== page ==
• 24. 16 Chapter 3. PIV Theory (a) (b) : PIV recording methods. (a) single frame/multi-exposure PIV. (b) multi- Figure 3.2 frame/single exposure PIV. Taken from Ra el et al., 1998]3.5 Image acquisitionWhen discussing image acquisition, two topics are important: the recording methodand the camera. A choice has to be made for a recording method. There are twodistinctive fundamentally di erent recording methods: single frame/multi-exposurePIV and multi-frame/single exposure PIV. A schematic picture of these two meth-ods is shown in gure 3.2. The principal distinction is that without additional e ortthe rst method does not retain information on the temporal order of the illumi-nation pulses, giving rise to a directional ambiguity in the recovered displacementvector. In contrast, multi-frame/single exposure PIV recording inherently preservesthe temporal order of the particle images and hence is the method of choice if afast camera is available. Also in terms of evaluation, this method is much easier tohandle. For these reasons, the choice is made to use multi-frame/single exposurePIV in this research.A camera is used for registration of the illuminated particles in the light sheet.Both a digital CCD camera and a photographic camera can be used. As analysisof the pictures using a computer requires digital pictures, a big advantage of usinga CCD camera is digital registration. Another advantage of CCD compared tophotographic cameras is the high frequency at which images can be taken. However,this frequency is inversely proportional to the spatial resolution of the camera (e.g.,when the number of pixels of the CCD array is increased by a factor 4, the maximumcapturing frequency is 4 times lower). Most conventional CCD cameras have lowresolution compared to photographic lm, for example 512x512 pixels comparedto 3000x4500 lines. A disadvantage of CCD cameras compared to photographiccameras is the amount of light needed. CCD cameras generally need more scatteredlight for imaging of tracer particles. As a consequence, more laser power is requiredwhen using a CCD camera. In general, a high recording frequency is needed whenusing the multi-frame/single exposure PIV recording method. For this reason, aCCD camera is used in this research.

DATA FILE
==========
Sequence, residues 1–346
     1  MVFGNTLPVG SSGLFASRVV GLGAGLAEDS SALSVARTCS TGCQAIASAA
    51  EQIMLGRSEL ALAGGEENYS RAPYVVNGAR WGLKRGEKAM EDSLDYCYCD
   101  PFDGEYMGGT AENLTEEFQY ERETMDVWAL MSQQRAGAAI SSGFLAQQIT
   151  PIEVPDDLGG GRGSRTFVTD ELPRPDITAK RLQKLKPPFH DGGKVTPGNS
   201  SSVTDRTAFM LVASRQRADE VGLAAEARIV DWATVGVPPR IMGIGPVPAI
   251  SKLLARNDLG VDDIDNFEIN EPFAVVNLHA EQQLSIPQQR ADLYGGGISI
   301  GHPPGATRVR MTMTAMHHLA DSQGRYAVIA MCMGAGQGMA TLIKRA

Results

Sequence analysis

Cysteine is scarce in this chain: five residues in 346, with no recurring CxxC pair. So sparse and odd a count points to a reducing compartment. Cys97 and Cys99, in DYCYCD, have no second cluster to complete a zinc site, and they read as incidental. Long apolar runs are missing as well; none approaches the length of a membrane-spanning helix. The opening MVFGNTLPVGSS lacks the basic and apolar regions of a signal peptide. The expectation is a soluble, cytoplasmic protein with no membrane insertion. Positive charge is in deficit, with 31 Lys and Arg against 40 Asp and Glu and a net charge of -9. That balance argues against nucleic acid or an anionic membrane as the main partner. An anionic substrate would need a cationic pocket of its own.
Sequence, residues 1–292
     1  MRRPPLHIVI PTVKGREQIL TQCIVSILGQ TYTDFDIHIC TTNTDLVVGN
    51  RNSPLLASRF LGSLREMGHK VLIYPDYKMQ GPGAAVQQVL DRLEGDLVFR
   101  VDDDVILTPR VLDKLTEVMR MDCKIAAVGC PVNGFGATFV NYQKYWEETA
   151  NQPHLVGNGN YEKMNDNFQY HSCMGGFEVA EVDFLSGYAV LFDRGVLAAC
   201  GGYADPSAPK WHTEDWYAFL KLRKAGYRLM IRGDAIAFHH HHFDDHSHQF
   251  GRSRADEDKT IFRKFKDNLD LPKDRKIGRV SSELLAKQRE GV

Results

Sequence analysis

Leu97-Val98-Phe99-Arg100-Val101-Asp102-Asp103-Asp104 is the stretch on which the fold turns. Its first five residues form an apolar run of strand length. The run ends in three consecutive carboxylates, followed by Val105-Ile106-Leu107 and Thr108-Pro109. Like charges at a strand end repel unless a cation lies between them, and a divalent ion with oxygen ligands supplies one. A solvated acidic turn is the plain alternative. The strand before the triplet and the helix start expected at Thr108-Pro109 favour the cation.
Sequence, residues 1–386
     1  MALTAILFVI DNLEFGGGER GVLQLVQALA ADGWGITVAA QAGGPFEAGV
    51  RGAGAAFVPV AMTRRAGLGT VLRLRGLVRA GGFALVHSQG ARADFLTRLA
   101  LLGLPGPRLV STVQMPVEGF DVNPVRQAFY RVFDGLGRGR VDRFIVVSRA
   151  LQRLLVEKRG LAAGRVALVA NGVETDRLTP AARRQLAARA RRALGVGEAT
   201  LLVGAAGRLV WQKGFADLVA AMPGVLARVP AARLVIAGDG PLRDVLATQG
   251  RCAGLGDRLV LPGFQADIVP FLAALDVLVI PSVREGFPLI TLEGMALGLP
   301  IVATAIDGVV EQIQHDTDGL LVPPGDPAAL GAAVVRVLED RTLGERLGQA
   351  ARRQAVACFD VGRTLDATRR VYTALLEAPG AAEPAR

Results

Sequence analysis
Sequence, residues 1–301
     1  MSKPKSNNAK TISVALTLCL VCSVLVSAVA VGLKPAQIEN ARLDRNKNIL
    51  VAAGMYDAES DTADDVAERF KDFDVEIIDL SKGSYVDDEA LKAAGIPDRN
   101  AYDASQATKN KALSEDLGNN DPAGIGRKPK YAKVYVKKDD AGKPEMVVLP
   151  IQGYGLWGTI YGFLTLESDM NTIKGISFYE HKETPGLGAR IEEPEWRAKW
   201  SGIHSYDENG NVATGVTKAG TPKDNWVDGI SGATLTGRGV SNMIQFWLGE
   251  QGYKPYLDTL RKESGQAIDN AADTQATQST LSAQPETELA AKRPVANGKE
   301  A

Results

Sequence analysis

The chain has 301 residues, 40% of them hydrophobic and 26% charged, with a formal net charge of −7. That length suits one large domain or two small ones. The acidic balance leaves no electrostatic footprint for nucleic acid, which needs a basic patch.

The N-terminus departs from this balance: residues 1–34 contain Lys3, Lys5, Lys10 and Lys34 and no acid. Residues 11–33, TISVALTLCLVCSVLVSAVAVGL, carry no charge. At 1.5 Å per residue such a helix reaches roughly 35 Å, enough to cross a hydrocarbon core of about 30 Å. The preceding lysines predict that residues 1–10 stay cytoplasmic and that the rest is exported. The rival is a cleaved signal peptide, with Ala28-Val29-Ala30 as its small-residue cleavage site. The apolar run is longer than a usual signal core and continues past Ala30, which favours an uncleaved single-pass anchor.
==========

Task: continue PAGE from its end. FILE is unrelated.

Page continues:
• 25. 3.6. Analysis of images 17 Figure 3.3 : Analysis of double frame/single exposure recordings: the digital cross- correlation method. Taken from Ra el et al., 1998].3.6 Analysis of images3.6.1 Analysis of displacementTo analyse digital PIV images, an interrogation method is used. The images aredivided in small areas, the interrogation areas (IAs), as shown in gure 3.3. In thisresearch, the multi-frame/single exposure PIV recording method is used. In thiscase, analysis of images is performed by cross-correlation. The cross-correlation be-tween two interrogation windows out of two consecutive recordings is calculated. Thevector s between the origin of the cross-correlation plane and the cross-correlationpeak resulting from this calculation is a measure for the average displacement ofthe particles in the IA. As the time t between two consecutive frames and themagni cation factor of the images are known from the measurement, the velocityvf of the uid corresponding to this IA can easily be calculated: vf = M s t (3.4)3.6.2 Calculation of the cross-correlationConsider an image of N N pixels. Two coordinates i j determine the place of apixel with intensity Ii j . The spatial average of this region is de ned as: N N 1 XXI I = N2 (3.5) ij i=1 j =1This spatial average is used in calculating the image cross-correlation for two IAs,Ii0 j and Ii00j for a shift over r,s], see Westerweel, 1993]: N ;jrj N ;jsj X X 0 ^ 1 RII r s] = N 2 (Ii j ; I )(Ii00+r j +s ; I ) (3.6) i jwith: N ;jrj(P X N ;r for r 0 = PiN=1 (3.7) i i=1;r for r < 0